2.3. Flow Cytometry Analysis of Apoptosis

The annexin-V/PI apoptosis assay kit (Thermo Fisher Scientific) was used according to the manufacturer’s recommendation to examine the apoptotic fraction of HK-2 cells after exposure to H2O2 for the indicated times. HK-2 cells were washed twice with phosphate-buffered saline (PBS) and resuspended in 100 μl of 1x binding buffer mixed with 5 μl of annexin-V-FITC and 5 μl of a PI staining solution for 15 min in the dark at room temperature. After 15 min of incubation, another 400 μl of binding buffer was added, and the cells were analyzed using a FACSCalibur flow cytometer (BD Biosciences, Franklin Lakes, NJ, USA). Ten thousand cells from the sample were scanned, and the data were analyzed using CellQuest software (BD Biosciences).

2.4. Mitochondria/Cytosol Fractionation

This assay was conducted using a Mitochondria Isolation Kit (Pierce, Rockford, IL, USA) according to the manufacturer’s protocol. Cells were homogenized and the homogenates were added with 1.0 ml of 1x Cytosol Extraction Buffer Mix and centrifuged at for 10 min at 4°C. Collect the supernatant carefully and discard the pellet. Then, the supernatant was centrifuged at for 15 min at 4°C; collect the supernatant and save the pellet. Next, the supernatant was further centrifuged at for 1 h and the supernatant was kept as the cytosol fraction, while the pellet was resuspended with 100 μl of Mitochondrial Extraction Buffer Mix and saved as a mitochondrial fraction. Then, Cytochrome C in the cytoplasm or mitochondria was detected by immunoblot analysis.

2.5. Western Blot Analysis

At the end of the culture period, HK-2 cells were collected and lysed with RIPA buffer supplemented with complete protease inhibitor cocktail tablets. Protein concentrations were determined with the BCA Protein Assay Kit (Thermo Fisher Scientific), and protein lysates (30-50 μg) were mixed with (4x) NuPAGE LDS sample buffer, heated for 5 min at 99°C, and subjected to electrophoresis on 4%-15% polyacrylamide gradient SDS gels. The proteins were then transferred onto PVDF membranes (Millipore, Billerica, MA, USA) and incubated with antibodies against SGK1, phosphorylated-SGK1 (p-SGK1), GSK3β, phosphorylated-GSK3β (p-GSK3β), cleaved caspase-3, and COX IV (Cell Signaling Technology, Danvers, MA, USA); peroxisome proliferator-activator γ coactivator-1α (PGC-1α), Bcl-2, Bax, nuclear transcription factor-1 (NRF-1), and mitochondrial transcription factor A (TFAM) (Abcam, Cambridge, UK); and Cytochrome C and GAPDH (Sigma-Aldrich, St. Louis, MO, USA). Immunoblots were developed using an HRP-conjugated anti-rabbit or anti-mouse IgG antibody (Jackson, West Grove, PA, USA). Relative concentrations were assessed by densitometry analysis of digitized autographic images using ImageJ software.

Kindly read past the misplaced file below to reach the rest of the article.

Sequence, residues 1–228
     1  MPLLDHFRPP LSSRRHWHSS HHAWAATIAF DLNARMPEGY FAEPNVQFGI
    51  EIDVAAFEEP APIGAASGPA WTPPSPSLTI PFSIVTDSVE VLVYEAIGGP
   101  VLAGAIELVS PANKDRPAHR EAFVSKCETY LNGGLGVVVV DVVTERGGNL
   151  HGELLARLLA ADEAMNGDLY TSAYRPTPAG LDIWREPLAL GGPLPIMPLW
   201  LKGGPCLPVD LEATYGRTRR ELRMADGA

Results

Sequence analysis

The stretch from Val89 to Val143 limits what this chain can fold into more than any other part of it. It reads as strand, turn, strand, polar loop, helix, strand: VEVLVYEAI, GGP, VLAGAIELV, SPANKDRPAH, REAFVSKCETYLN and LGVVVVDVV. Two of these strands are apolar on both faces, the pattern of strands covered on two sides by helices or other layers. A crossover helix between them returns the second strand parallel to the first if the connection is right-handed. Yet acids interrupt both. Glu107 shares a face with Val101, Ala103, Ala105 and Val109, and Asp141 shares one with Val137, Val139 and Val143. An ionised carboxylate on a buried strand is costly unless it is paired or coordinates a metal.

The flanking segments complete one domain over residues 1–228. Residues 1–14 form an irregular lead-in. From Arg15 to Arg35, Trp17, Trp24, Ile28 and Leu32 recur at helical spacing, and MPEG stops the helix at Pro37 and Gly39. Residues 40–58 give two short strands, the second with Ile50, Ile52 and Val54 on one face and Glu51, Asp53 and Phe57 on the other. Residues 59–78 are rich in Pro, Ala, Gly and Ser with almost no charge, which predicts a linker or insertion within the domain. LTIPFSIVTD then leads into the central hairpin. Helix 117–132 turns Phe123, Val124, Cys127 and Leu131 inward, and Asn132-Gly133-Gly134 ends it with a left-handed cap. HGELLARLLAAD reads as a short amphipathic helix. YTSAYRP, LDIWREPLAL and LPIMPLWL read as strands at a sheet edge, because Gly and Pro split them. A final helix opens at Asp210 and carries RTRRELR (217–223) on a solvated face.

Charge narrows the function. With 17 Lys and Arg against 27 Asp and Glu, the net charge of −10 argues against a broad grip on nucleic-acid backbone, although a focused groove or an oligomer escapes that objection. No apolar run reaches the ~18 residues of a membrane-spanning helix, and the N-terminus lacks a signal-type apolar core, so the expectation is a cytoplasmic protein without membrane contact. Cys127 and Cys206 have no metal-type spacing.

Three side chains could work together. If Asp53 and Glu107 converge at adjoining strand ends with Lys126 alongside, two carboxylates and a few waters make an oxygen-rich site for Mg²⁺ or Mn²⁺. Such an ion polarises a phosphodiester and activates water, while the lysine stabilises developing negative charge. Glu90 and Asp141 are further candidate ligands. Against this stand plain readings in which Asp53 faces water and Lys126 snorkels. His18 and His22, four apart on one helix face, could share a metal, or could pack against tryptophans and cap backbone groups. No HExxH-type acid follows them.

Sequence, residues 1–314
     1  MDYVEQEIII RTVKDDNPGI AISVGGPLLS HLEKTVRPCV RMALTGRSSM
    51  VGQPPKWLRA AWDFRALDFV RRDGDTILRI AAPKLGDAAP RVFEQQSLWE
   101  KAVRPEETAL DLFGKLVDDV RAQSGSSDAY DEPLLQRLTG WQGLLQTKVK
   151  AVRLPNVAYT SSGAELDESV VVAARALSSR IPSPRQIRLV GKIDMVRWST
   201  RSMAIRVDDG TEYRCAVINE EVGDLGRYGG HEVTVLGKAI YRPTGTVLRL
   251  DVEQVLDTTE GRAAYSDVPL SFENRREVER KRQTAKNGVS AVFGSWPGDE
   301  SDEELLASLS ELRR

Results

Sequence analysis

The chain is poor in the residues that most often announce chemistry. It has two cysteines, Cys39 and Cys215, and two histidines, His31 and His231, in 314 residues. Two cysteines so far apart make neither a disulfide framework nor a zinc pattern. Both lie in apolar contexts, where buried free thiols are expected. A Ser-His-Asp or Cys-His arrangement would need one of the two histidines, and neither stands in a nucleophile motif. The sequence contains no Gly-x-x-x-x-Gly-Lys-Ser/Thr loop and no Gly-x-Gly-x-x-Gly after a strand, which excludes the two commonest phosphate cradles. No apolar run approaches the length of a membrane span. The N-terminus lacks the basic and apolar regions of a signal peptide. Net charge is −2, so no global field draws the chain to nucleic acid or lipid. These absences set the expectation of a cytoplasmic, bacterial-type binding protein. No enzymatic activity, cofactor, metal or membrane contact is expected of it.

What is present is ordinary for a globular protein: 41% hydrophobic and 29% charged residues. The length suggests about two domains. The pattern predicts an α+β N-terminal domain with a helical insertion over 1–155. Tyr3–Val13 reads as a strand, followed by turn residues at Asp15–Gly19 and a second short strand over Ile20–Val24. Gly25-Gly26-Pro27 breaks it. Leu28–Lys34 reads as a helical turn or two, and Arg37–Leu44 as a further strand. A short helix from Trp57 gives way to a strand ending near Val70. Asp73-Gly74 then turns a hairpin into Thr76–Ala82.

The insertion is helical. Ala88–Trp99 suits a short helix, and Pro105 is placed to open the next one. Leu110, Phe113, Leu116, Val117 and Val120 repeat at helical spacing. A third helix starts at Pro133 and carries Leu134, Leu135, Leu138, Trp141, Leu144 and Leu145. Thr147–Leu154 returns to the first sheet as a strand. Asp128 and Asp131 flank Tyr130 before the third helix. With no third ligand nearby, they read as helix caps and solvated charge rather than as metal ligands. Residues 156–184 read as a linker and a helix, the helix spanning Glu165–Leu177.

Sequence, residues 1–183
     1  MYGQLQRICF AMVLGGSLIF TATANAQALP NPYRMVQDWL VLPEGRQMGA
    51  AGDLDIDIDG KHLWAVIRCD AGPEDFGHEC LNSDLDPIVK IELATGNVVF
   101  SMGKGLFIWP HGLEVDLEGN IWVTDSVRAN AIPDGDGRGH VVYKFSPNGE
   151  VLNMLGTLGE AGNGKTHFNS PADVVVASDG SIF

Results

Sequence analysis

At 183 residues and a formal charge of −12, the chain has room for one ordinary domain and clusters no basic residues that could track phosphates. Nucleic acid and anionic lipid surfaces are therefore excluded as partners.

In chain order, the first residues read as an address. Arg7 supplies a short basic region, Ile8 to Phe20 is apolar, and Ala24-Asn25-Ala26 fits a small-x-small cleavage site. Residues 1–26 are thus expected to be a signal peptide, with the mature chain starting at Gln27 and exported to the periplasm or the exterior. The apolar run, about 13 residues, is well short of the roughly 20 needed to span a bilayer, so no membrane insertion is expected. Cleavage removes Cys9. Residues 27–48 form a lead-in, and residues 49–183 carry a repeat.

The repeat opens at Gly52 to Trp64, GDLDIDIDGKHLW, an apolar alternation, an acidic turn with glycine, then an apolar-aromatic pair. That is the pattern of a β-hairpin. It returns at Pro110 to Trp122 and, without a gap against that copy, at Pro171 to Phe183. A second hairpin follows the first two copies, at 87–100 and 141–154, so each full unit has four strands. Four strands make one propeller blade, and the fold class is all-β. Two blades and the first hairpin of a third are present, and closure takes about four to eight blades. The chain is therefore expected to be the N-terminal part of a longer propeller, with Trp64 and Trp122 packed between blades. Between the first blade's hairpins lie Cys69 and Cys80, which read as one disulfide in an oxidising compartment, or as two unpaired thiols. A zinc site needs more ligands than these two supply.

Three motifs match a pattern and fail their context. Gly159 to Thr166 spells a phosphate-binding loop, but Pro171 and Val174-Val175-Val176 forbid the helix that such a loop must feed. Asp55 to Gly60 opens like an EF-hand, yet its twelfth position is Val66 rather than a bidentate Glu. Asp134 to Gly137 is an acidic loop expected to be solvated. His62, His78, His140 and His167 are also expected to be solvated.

2.6. Measurement of Adenosine Triphosphate (ATP) Levels

The intracellular ATP level was measured using a luciferin-luciferase assay kit (Beyotime, China) according to the manufacturer’s instructions. Briefly, 40 μl of cell extracts or ATP standard reaction solutions, ranging from 100 nM to 5 μM, was added to 96-well luminescence assay plates. Then, 100 μl of reaction buffer was added to each well. Luminescence was measured with a fluorescence microplate reader (Thermo Fisher Scientific) at a 562 nm absorbance. The cellular ATP content was calculated according to the ATP standard curve.

2.7. Measurement of Reactive Oxygen Species

The cellular production of ROS was measured using an ROS detection kit (Beyotime) according to the manufacturer’s instructions. Briefly, HK-2 cells were incubated with 10 μM DCFH-DA for 30 min in a dark environment at 37°C, washed three times with warm serum-free DMEM, trypsinized, and resuspended in 1 ml of PBS. Fluorescence was analyzed by a FACSCalibur flow cytometer (BD Biosciences).